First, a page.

RNA Isolation, Reverse Transcription, and Real-Time Quantitative PCR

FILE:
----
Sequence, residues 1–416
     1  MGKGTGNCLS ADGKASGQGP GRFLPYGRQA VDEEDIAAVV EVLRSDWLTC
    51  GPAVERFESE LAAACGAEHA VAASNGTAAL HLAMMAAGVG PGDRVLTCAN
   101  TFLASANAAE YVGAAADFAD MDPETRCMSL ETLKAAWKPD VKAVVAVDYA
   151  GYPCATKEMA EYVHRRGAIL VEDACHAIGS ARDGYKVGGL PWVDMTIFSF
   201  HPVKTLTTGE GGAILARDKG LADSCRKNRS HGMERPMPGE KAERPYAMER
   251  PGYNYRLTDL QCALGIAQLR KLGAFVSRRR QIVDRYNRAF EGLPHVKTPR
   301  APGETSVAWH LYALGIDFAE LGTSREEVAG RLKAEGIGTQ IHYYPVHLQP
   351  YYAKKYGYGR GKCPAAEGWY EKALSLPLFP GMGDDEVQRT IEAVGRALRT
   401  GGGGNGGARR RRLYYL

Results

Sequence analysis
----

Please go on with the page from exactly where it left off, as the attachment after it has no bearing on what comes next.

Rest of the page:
Total RNA extraction from the hypothalamic explants was conducted as we previously described (Kaneko et al., 2011) with some modifications. Briefly, 24 h after leptin treatment, hypothalamic explants were rinsed twice with ice-cold PBS, and harvested in 1.5 mL lysis buffer (10 mM Tris-HCl (pH 8.0), 140 mM NaCl, 1.5 mM MgCl2, 0.5% Igepal, 2 mM vanadyl ribonuleoside complex (VRC, ThermoFisher Scientific, Waltham, MA)) using bullet blender (Nextadvance, NY). One-tenth of the lysate was added to 1 mL Trizol reagent (ThermoFisher Scientific, Waltham, MA) for total RNA isolation according to manufacturer's recommendations. The rest of the lysate was used for immunoblot as described in the following section. Cell lines were rinsed with cold PBS and harvested directly in Trizol by scraping and gentle pipetting as we previously described (Lassiter et al., 2015). RNA was treated with RQ1 DNAse and reverse transcribed (Quanta Biosciences, Gaithersburg, MD). RNA integrity and quality was evaluated using 1% agarose gel electrophoresis and RNA concentrations and purity were measured for each sample by Take 3 micro volume plate using Synergy HT multi-mode microplate reader (BioTek, Winooski, VT). The RT (cDNA) products were subjected to real-time quantitative PCR (Applied Biosystems 7500 Real-Time PCR system) with SYBR Green Master Mix (ThermoFisher Scientific, Waltham, MA). Oligonucleotide primers used for chicken Atg3, Atg7, Beclin 1, LC3a, LC3b, LC3c, Ob-Rb, STAT1, STAT3, STAT5, and STAT6 are presented in Table 1. Oligonucleotide primers used for chicken feeding-related hypothalamic neuropeptides (NPY, AgRP, POMC, CART, CRH, ORX, and ORXR1/2) as well as the housekeeping gene r18S were previously published (Nguyen et al., 2015; Piekarski et al., 2016). The cycling parameters for the qPCR amplification were as follow: an initial incubation at 50°C for 2 min, an initial denaturation step (95°C, 10 min) followed by 40 cycles of denaturation (95°C, 15 s) and annealing (58°C, 1 min). Melting curve analysis was applied, at the end of the amplification, by using the dissociation protocol (Sequence Detection system) to exclude contamination with unspecific PCR products. The PCR products were also confirmed by 2% agarose gel which exhibit only one definite band of the predicted size and by sequencing. There was no gel-detected bands for the negative controls where the RT products were omitted. Relative expressions of target genes were determined by the 2−ΔΔCt method (Schmittgen and Livak, 2008).